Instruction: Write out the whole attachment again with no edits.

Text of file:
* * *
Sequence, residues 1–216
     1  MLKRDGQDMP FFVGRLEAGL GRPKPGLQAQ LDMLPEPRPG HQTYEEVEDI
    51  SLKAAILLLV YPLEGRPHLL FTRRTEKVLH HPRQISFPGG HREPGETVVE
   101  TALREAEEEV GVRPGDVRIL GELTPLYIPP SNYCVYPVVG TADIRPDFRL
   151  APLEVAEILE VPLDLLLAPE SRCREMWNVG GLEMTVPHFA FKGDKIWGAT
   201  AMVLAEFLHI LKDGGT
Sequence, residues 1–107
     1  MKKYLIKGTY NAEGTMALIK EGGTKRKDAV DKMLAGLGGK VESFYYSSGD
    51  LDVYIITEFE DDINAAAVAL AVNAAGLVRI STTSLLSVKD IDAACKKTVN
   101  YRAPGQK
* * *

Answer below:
Sequence, residues 1–216
     1  MLKRDGQDMP FFVGRLEAGL GRPKPGLQAQ LDMLPEPRPG HQTYEEVEDI
    51  SLKAAILLLV YPLEGRPHLL FTRRTEKVLH HPRQISFPGG HREPGETVVE
   101  TALREAEEEV GVRPGDVRIL GELTPLYIPP SNYCVYPVVG TADIRPDFRL
   151  APLEVAEILE VPLDLLLAPE SRCREMWNVG GLEMTVPHFA FKGDKIWGAT
   201  AMVLAEFLHI LKDGGT
Sequence, residues 1–107
     1  MKKYLIKGTY NAEGTMALIK EGGTKRKDAV DKMLAGLGGK VESFYYSSGD
    51  LDVYIITEFE DDINAAAVAL AVNAAGLVRI STTSLLSVKD IDAACKKTVN
   101  YRAPGQK